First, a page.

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THE CRITIQUE CIRCLE

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1) Post your first piece.

2) You must then critique the work of another member to post another piece yourself.

3) For each critique you give, you earn 1 credit that can be used to post another one of your writings.

4) You can build up credits to be used at another time by giving critiques to others.
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ARTICLES ON WRITING


TITLE: Where, Oh Where Does This Last Comma Go
By James Brown
07/24/11
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Just an editing tool I discovered the other day
One of the thorniest duties for a writer is to critique his or her own piece. Reviewing others poses few problems, but looking at your own… well, you know how it is.

I’ve discovered a few tricks to aid myself with this daunting task. Most of them I’ve acquired while reviewing someone else’s work. That is why I believe so strongly in the critique circle. I can help another writer grow, while learning new things myself.

For example, I was doing a review the other day and stumbled on the issue of commas. One site I explored had 21 different rules for using commas. That’s a lot to keep track of, and that’s just one punctuation mark. Add them all together and who knows how many rules there are total.

Let’s look at an example so I can show (not tell?) my idea.

I promised my son that I’d take him to a baseball game and maybe a stop at McDonald’s, for a burger, on the way home.

Under one of the 21 rules, this may be correct usage for commas. The problem for me is that they make the sentence choppy. My idea is to replace the comma with an ellipse for editing purposes – like this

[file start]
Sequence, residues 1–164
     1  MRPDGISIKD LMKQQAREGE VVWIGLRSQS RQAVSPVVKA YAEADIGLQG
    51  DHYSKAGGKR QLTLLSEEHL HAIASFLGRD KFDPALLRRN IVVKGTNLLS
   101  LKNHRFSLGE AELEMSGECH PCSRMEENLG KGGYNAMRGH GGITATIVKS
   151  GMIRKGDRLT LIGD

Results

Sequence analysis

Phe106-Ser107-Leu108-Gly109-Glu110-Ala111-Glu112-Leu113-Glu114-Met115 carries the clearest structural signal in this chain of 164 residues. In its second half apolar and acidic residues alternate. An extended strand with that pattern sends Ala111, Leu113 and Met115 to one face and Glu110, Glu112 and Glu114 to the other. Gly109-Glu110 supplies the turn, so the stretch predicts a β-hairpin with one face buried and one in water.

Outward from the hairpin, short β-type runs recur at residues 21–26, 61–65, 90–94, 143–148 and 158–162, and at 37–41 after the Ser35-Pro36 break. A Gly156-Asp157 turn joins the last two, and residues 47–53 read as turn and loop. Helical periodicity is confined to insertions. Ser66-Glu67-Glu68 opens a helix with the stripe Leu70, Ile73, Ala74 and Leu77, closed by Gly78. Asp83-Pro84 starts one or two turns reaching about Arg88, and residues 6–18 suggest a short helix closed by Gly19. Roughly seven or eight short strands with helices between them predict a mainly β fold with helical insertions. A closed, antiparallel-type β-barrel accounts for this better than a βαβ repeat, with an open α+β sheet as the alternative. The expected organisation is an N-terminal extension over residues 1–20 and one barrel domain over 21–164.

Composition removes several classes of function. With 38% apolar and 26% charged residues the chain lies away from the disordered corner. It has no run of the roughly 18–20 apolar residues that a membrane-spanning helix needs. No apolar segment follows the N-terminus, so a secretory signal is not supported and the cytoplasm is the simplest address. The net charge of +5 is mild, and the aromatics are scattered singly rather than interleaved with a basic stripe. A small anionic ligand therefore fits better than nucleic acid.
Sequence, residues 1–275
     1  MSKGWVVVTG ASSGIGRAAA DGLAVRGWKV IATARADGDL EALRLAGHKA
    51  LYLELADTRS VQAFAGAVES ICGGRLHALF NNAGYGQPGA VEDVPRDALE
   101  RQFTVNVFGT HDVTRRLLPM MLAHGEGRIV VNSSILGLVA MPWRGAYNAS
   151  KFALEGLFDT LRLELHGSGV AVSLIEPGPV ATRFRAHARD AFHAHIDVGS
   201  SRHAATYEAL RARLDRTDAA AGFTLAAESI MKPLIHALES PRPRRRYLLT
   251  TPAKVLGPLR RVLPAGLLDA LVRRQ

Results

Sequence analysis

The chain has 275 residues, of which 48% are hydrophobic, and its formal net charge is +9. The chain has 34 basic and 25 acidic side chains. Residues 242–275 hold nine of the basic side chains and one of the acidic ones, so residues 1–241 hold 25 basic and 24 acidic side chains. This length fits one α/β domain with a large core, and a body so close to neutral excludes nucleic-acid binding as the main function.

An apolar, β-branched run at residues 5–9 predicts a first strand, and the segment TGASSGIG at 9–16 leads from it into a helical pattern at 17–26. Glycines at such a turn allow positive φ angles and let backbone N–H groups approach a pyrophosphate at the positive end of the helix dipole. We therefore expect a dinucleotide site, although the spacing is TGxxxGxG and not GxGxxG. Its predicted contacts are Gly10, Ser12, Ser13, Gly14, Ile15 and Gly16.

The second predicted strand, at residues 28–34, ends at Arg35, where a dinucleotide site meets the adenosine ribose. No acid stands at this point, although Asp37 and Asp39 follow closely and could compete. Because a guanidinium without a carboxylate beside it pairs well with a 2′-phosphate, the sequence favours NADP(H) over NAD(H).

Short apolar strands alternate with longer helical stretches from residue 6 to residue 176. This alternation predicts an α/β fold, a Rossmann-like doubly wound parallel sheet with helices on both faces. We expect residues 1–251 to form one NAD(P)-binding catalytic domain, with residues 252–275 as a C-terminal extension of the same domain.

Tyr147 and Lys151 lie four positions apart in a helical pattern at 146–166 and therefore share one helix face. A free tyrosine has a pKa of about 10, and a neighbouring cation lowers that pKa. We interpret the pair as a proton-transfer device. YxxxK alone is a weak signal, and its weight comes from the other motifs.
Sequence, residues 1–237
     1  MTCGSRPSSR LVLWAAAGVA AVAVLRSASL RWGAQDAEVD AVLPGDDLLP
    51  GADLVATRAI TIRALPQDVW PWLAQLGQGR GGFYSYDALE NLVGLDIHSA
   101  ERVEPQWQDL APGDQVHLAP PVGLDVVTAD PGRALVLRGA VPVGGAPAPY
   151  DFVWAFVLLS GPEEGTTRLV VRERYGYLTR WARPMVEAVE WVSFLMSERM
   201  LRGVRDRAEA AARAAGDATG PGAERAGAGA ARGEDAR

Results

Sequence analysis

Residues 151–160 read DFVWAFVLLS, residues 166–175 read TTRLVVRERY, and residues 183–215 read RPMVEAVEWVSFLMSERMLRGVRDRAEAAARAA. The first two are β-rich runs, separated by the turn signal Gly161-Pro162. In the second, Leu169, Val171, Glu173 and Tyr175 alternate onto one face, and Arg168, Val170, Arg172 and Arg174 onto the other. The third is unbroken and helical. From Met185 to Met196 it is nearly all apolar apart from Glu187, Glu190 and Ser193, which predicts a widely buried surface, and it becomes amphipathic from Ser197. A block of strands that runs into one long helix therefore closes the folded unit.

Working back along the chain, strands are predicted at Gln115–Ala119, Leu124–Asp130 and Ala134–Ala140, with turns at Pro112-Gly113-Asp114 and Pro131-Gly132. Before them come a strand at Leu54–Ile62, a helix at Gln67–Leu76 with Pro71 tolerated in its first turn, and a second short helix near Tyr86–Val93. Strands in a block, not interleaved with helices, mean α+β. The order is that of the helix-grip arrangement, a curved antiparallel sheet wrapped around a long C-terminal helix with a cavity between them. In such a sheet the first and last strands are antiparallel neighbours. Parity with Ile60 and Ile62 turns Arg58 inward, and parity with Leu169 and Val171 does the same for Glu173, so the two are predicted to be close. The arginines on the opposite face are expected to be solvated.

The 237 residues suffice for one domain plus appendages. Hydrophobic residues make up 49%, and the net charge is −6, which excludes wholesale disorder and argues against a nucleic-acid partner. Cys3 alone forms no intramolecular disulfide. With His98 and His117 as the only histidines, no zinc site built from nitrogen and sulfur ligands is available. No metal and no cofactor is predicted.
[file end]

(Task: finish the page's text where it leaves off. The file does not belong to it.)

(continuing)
I promised my son that I’d take him to a baseball game and maybe stop at McDonald’s… for a burger… on the way home.

This lets me determine if the sentence gets my meaning across. In most cases, after writing it this way, I’d drop the commas like this – I promised my son that I’d take him to a baseball game and maybe stop at McDonald’s for a burger on the way home.

Now I have a smooth flowing sentence without any bumps. There may be a time when I’d leave the commas in though. If my son was a vegetarian and I was trying to razz him, I’d use the commas to emphasize the burger. Then I’d follow with a quick retort from my son.

Let’s examine another example – So, Sister Marie, you and Marvin here, need to be at the church at six a.m. sharp.

Using my idea, we’d change the sentence to this – So…Sister Marie… you and Marvin here… need to be at the church at six a.m. sharp.

This produces a choppy sentence with three breaks. When I write it this way, I get to thinking I’ll smooth it out a bit by deleting the last comma, like this – So… Sister Maria… you and Marvin here need to be at the church at six a.m. sharp.

I can live with the sentence this way, if the speaker is addressing a group. ‘So’ followed by the first comma gets everyone’s attention. ‘Sister Maria’ followed by the second comma identifies Maria as the one the speaker is addressing.

However, if the speaker is addressing just Maria, I’d personally drop the first comma like this – So Sister Maria, you and Marvin here need to be at the church at six a.m. sharp.

(Isn't it amazing that such a small item can make such a big difference in a sentence?)

Here are three correct, yet different combinations for the same sentence. Context provides the key to determine which is right and changing commas to ellipses lets you see it in context better.

This tool may not work for every sentence, but I believe it can help in those special cases where you’re just not sure. If not, you can always refer to the 21 definitions to see which covers your specific example.
The opinions expressed by authors may not necessarily reflect the opinion of FaithWriters.com.
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